(when I see a popular show, I know that many others are also seeing it). Companies that sell “coordination problem” goods tend to advertise on more popular shows and are willing to pay a premium for the common knowledge they generate.Read more at location 201
Note: PREMIUM Edit
In a weak-link network, the friends of a given person’s friends tend not to be that person’s friends, whereas in a strong-link network, friends of friends tend to be friends. It seems that strong-link networks should be worse for communication and hence coordinated action, because they are more “involuted” and information travels more slowly in them; however, empirical studies often find that strong links are better for coordination.Read more at location 205
even though strong links are worse for spreading information, they are better at generating common knowledge;Read more at location 208
Note: INFO KNOW Edit
Finally, I consider Jeremy Bentham’s “panopticon” prison design, in which cells are arranged in a circle around a central guard tower. Michel Foucault regards the panopticon as a mechanism of power based on surveillance,Read more at location 210
Foucault and most other observers, however, neglect the fact that Bentham’s design includes a central chapel above the guard tower, so that the prisoners can take part in service without having to leave their cells; in other words, the panopticon is to some extent also a ritual structure.Read more at location 212
Ideas of rationality and culture are often considered as applying to entirely different spheres of human activity and as having their own separate logic. This book argues instead for a broad reciprocal connection.Read more at location 217
To understand public rituals, one should understand how they generate the common knowledge that the logic of rationality requires. To understand how rational individuals solve coordination problems, one should understand public rituals.Read more at location 218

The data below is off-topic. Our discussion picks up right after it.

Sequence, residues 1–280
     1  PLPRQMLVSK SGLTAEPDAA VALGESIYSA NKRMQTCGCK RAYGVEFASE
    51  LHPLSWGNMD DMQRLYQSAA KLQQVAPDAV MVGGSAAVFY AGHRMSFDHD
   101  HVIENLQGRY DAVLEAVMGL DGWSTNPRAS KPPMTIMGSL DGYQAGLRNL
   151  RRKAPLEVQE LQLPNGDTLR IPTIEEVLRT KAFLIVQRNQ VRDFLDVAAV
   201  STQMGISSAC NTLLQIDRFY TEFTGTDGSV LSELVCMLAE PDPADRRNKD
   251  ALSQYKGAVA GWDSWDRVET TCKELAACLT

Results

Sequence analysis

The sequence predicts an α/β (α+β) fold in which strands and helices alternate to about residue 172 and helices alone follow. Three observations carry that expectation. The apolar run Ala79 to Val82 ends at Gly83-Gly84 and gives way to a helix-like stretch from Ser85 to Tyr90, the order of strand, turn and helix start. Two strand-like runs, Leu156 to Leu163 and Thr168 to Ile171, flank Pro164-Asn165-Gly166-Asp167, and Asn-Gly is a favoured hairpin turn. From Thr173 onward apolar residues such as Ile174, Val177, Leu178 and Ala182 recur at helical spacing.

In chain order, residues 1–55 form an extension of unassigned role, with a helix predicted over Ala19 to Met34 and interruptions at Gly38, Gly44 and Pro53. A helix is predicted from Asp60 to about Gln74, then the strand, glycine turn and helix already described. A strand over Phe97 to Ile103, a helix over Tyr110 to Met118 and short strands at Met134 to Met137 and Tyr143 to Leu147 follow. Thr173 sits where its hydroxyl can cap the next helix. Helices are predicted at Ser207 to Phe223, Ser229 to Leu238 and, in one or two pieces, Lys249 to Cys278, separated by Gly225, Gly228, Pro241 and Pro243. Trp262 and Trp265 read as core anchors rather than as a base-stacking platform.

Next I try to respond to the common objection that common knowledge is not really applicable to the “real world” because people do not actually seem to think through several layers of “I know that he knows that she knows” and so forth.Read more at location 228
content and common knowledge generation interact in interesting ways;Read more at location 231
Common knowledge depends not only on me knowing that you receive a message but also on the existence of a shared symbolic system which allows me to know how you understand it.Read more at location 233
Note: SIMBOLO Edit
The fact that common knowledge generation is a real resource suggests that “symbolic” resistance should not be underestimated.Read more at location 237
Common knowledge is generated not only by communication but also by historical precedent.Read more at location 238
Note: STORIA Edit
common knowledge not only helps a group coordinate but also, to some extent, can create groups, collective identities, “imagined communities” in which, for example, each newspaper reader is aware of millions of fellow readers.Read more at location 241
First, the concept of common knowledge has broad explanatory power. Second, common knowledge generation is an essential part of what a public ritual “does.” Third, the classic dichotomy between rationality and culture should be questioned.Read more at location 243
The ArgumentRead more at location 246
Note: pullman aggollato ribellione contro regimi apple Edit
Note: TITOLO Edit
One way to coordinate is simply to communicate a message, such as “Let’s all participate.” But because each person will participate only if others do, for the message to be successful, each person must not only know about it, each person must know that each other person knows about it.Read more at location 248
David Lewis (1969), influenced by Thomas Schelling ([I960] 1980), first made it explicitly; Robert Aumann (1974, 1976) developed the mathematical representation that makes it elementary (see the appendix).Read more at location 253